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Harry Belafonte’s Tempo Is a World Beat

This article by Richard J. Skelly was published in U.S. 1 Newspaper on March 24, 1999. All rights reserved.

While he is known around the world for his song "Day-O"

— better known as "The Banana Boat Song" — and for

the movies he’s starred in, singer and actor Harry Belafonte has always

devoted a significant amount of his time and energy to helping people.

Belafonte is not only a folk singer and actor, but also Broadway and

television producer. Clearly, Belafonte is a man of many hats. Yet

the most important hat Belafonte has worn through the last five decades

is that of social activist. When he decided singing folk songs was

more important than singing jazz standards — a decision he made

in the early 1950s — Belafonte knew what he was doing: he was

committing himself to a lifetime of social activism through music.

And, over the years, Belafonte says he has never taken off his "activist"

hat.

"I’ve always believed that if you have the good fortune to acquire

a platform that brings a constituency that wants to hear what you

have to say, then the best thing you can do with that platform is

to share it with others who have equally important and wonderful things

to say," Belafonte explained in a recent phone interview. The

normally hard-to-reach entertainer was speaking with the press in

conjunction with his benefit concert for Trenton’s Young Scholars’

Institute at Trenton’s newly-restored War Memorial on Saturday, March

27.

Among the many people Belafonte has provided a helping hand in the

early stages of their careers are Native American folk singer Buffy

Sainte-Marie, folk/blues singer Odetta, the blues duo Sonny Terry

and Brownie McGhee, and South African musicians Miriam Makeba and

Hugh Masekela.

"Buffy Sainte-Marie was one of those people I worked with and

supported, and I took her on television with me," he explains

of the Native American singer-songwriter, now based in Hawaii. "I’ve

gotta tell you, she is a remarkable woman. When I first listened to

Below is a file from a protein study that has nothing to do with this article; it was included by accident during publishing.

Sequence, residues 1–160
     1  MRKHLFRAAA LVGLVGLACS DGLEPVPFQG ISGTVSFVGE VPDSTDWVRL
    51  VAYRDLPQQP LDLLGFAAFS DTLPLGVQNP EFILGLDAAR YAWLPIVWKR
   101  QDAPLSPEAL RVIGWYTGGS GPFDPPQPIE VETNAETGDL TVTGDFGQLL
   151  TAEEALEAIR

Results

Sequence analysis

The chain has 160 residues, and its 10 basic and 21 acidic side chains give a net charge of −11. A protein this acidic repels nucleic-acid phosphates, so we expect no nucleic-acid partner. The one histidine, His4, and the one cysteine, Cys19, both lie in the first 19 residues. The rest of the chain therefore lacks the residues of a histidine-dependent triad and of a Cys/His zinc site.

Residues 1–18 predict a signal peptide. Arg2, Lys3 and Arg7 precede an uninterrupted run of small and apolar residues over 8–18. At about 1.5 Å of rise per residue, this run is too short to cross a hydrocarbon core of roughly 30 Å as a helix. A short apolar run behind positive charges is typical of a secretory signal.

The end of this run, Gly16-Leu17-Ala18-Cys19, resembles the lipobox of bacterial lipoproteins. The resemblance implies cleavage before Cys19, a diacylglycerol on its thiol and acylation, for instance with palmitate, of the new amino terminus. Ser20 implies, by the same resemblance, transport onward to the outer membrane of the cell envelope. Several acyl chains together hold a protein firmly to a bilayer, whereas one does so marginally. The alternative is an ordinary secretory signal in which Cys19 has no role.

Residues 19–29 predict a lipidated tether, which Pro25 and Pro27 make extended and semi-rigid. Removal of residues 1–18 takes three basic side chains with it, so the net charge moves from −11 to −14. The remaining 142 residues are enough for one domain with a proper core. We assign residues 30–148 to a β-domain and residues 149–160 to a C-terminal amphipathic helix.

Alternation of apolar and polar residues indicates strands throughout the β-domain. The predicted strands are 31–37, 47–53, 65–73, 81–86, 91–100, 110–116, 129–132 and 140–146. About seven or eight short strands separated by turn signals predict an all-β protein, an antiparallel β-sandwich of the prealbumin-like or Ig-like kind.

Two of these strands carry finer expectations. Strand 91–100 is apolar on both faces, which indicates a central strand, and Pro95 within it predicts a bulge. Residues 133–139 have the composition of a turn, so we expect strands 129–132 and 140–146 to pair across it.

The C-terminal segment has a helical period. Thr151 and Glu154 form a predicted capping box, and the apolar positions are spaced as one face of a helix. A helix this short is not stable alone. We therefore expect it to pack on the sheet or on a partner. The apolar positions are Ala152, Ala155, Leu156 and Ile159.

her perform as a young Native American singer-songwriter, I was absolutely

struck by her great gift and the message she had to bring to America."

But that was in 1961, when Sainte-Marie first came to

Greenwich Village from Maine, where she was raised. More recently,

in the 1960s, ’70s and ’80s, Belafonte has lent a similar helping

hand to the careers of South Africans Hugh Masekela, a trumpeter,

and Miriam Makeba, a vocalist.

Ditto for Odetta. Belafonte was there in New York City in the early

1950s, when a shy, unassuming woman from Los Angeles — with good

guitar skills but a heaven-sent voice — first came to the Greenwich

Village coffee house and club scene. "I marveled at her art and

was glad we were able to do some songs together," recalls the

72-year old Belafonte. He adds that over the next couple of months,

he will lend his expertise to prepare a gala evening to celebrate

Odetta’s 50th year in show business.

Born in Harlem in 1927, Belafonte spent his first six years in Jamaica,

thanks to his mother, who didn’t want her son exposed to Depression-era

Harlem. He began his performing career in 1948 as a jazz singer.

"By the early 1950s I was on my way into the world of folk art,"

he says, recalling what triggered his performing passion. "One

night I wandered into a place called the Village Vanguard and saw

a young man, Leadbelly, and I was absolutely mesmerized by what I

saw in his face and the way he played guitar and the words to his

songs. There was a courage, an energy, and a poetry unlike any that

I’d ever been exposed to before," he recalls.

"I knew right then and there I wanted very much to be a part of

that world, so I went out and found Pete Seeger and Josh White and

all the other folk artists around — and Woody Guthrie, who did

so much to help me. As much as I’d loved singing jazz, I just knew

that folk music held for me a resonance that no other music held."

What prompted Belafonte to turn away from America’s classical music

— jazz — to traditional folk songs, some of them written centuries

ago by white folks? In retrospect, he realizes, "there’s so much

more that can be said for the jazz instrumentalist than can be said

for the people who try to sing jazz. I mean, it’s very difficult,

and very few jazz singers become Carmen McRae or Ella Fitzgerald or

Billie Holiday."

"I just found that in folk music there was a greater palette and

a bigger canvas," he says. "Not only could I do the music

of America, but also of any country I chose to delve into. I could

do songs in Hebrew and songs in Swahili and Zulu. For me, it was a

very rewarding journey."

The acclaimed actor, singer, and Princeton native Paul Robeson was

active in Greenwich Village and Harlem in the early 1950s, and Belafonte

credits him as a major influence. "He was very much around and

very much my mentor," says Belafonte, "and I stayed with him